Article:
FIGURE 4. Phylogenetic history of select dsRNA viruses including sequences from this study and Chandler et al. (2014). This consensus phylogeny was generated in MrBayes (Ronquist and Huelsenbeck, 2003) based on two independent chains run for one million generations to convergence. The average standard deviation of split frequencies was 0.000948. Posterior node probabilities are shown at nodes. Branch lengths are scaled to substitutions/site. Viral sequences uncovered in this study are labeled as such. Closely related mosquito-associated viruses are marked with an asterisk. As in Ito et al. (2013), Penicillium chrysogenum virus is designated the outgroup. Proposed genera (Ito et al., 2013) are designated NG1, NG2, and NG3. The accession numbers of all sequences are available at http://dx.doi.org/10.6084/m9.figshare.1247641.
FIGURE 5. Phylogenetic history of the Narnaviruses including sequences from this study. This consensus phylogeny was generated in MrBayes (Ronquist and Huelsenbeck, 2003) based on two independent chains run for one million generations to convergence. Ourmiaviruses, which share the RNA-dependent RNA polymerase through a genomic rearrangement, are included as the outgroup. The average standard deviation of split frequencies was 0.004048. Posterior node probabilities are shown at nodes. Branch lengths are scaled to substitutions/site. Viral sequences uncovered in this study are labeled as such. Closely related mosquito-associated viruses are marked with an asterisk. Sequences labeled TSA were uncovered in the NCBI Transcriptome Shotgun Assembly database (Cook et al., 2013). The accession numbers of all sequences are available at http://dx.doi.org/10.6084/m9.figshare.1247641.
Coverage was determined by mapping the quality checked reads to the nucleotide sequences corresponding to the viral ORFs using Bowtie 2 and default settings (Langmead et al., 2009).
Results and Discussion
In this study, we used RNA SMS to characterize the microbial communities associated with three mosquito species in northern California: Culex pipiens, Culiseta incidens, and Ochlerotatus sierrensis (previously Aedes sierrensis). Cx. pipiens (common house mosquito) is a known vector for West Nile virus and St. Louis encephalitis virus (Farajollahi et al., 2011), C. incidens (cool-weather mosquito) is not a major vector for West Nile virus or any other disease, and O. sierrensis (western treehole mosquito) is a major vector for dog heartworm (Ledesma and Harrington, 2011). Samples were collected from a variety of habitats including sylvatic/wild, rural, suburban, and urban (sensu Thongsripong et al., 2013). All three of these species have limited ranges (flight range <5 miles), making them good markers for the respective habitats in which they are found. Only female mosquitoes were used, as female mosquitoes, being hematophagous, are the primary vectors of most human and animal diseases.
As many clinically important mosquito-vectored viruses are RNA based (for example, certain Alphaviruses, Bunyaviridae, and Flaviviruses), we focused on the RNA metagenome of these mosquitoes. Nearly 250 million 100 bp paired-end reads were generated on the Illumina HiSeq platform, roughly evenly distributed among the seven libraries (Table 1). After quality control and contig assembly, the identity of the viral sequences associated with these samples was determined by querying the translated contigs against a custom database containing the entire NCBI non-redundant protein database, the PhAnToMe phage protein database (Aziz et al., 2012), the NCBI Viral RefSeq Database, and the Ae. aegypti, An. gambiae, and Cx. quinquefasciatus protein databases (Megy et al., 2012). The identity of the bacterial and fungal sequences associated with these samples was determined by first querying the non-translated contigs to the SILVA SSU and LSU Reference Databases (Quast et al., 2013). Any contigs with a closest match to either bacteria or fungi were then submitted to the RDP Classifier (Wang et al., 2007). Despite using Ribo-ZeroTM to deplete vertebrate rRNA, adequate bacterial and fungal RNA remained for microbial classification.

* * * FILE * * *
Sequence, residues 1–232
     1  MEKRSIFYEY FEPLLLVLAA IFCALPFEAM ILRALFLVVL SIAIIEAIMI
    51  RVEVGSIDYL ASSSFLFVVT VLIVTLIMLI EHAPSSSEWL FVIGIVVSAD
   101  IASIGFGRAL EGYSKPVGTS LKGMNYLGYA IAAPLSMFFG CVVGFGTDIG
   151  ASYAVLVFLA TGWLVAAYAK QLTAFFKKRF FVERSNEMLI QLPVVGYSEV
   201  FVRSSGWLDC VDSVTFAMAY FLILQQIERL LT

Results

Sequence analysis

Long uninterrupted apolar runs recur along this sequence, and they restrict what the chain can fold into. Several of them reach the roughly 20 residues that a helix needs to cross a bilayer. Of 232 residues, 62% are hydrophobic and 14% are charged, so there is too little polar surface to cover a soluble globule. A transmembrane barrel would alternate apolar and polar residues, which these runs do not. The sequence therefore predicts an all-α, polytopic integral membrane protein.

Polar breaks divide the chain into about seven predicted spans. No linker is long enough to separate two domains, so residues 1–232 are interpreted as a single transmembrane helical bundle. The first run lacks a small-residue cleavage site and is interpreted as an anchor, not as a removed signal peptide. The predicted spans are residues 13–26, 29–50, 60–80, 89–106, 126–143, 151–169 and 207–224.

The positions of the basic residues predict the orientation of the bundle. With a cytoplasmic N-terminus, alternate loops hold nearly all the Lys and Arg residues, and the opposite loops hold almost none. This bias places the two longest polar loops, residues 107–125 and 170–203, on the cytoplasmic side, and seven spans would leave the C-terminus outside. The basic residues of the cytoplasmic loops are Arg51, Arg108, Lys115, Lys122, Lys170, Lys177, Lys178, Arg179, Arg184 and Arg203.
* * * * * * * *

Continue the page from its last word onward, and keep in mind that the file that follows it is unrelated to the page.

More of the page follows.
Consistent with previous studies (Cook et al., 2013; Chandler et al., 2014; Coffey et al., 2014), viral sequences from the lineages Bunyaviridae, Rhabdoviridae, and Narnavirus were uncovered in these mosquitoes (Table 2). In addition, we also detected sequences related to an unassigned double-stranded RNA virus (dsRNA) which has been found to be associated with insects (Spear et al., 2010; Cook et al., 2013). No single viral taxon was found in all samples; however, members of the dsRNA group and the Rhabdoviridae were detected in three samples. Interestingly, the San Rafael Cx. pipiens sample and the San Francisco Cx. pipiens sample each contained representatives of the same three viral taxa – Bunyaviridae, Rhabdoviridae, and Narnavirus. Using the methods employed here, viral sequences were not detected in the Stinson Beach or Bolinas Cx. pipiens samples. If viruses are present in these samples, they fall below our detection limit (see Section “Materials and Methods”).
In two samples, Cx. pipiens from San Francisco and Cx. pipiens from San Rafael, we uncovered sequences related to the Bunyaviridae L segment. There are five recognized Bunyaviridae genera (Phlebovirus, Hantavirus, Nairovirus, Orthobunyavirus, and Tospovirus), and all except Hantavirus are known to be arthropod-vectored. The Bunyaviridae have single-stranded negative-sense genomes consisting of three segments. In the genus Phlebovirus (which our sequences are most closely related to, see next paragraph), these segments are designated L (encoding the RNA-dependent RNA polymerase), M (encoding the glycoprotein), and S (encoding the nucleocapsid and an ambisense non-structural gene, the NSs, which is necessary for virulence in vertebrates).